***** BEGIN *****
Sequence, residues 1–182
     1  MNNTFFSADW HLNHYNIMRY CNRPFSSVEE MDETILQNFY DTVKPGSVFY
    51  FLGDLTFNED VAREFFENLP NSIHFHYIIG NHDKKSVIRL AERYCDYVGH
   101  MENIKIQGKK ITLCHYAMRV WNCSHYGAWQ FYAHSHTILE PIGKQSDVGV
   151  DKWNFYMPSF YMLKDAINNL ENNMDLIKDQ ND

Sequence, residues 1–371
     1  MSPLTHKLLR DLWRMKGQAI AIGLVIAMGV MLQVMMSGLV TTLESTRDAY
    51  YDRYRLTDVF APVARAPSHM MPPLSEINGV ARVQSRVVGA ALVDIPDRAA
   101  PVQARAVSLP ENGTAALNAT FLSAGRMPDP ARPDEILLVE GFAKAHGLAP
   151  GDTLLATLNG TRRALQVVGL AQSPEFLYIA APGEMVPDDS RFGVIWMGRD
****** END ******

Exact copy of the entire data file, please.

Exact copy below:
Sequence, residues 1–182
     1  MNNTFFSADW HLNHYNIMRY CNRPFSSVEE MDETILQNFY DTVKPGSVFY
    51  FLGDLTFNED VAREFFENLP NSIHFHYIIG NHDKKSVIRL AERYCDYVGH
   101  MENIKIQGKK ITLCHYAMRV WNCSHYGAWQ FYAHSHTILE PIGKQSDVGV
   151  DKWNFYMPSF YMLKDAINNL ENNMDLIKDQ ND

Sequence, residues 1–371
     1  MSPLTHKLLR DLWRMKGQAI AIGLVIAMGV MLQVMMSGLV TTLESTRDAY
    51  YDRYRLTDVF APVARAPSHM MPPLSEINGV ARVQSRVVGA ALVDIPDRAA
   101  PVQARAVSLP ENGTAALNAT FLSAGRMPDP ARPDEILLVE GFAKAHGLAP
   151  GDTLLATLNG TRRALQVVGL AQSPEFLYIA APGEMVPDDS RFGVIWMGRD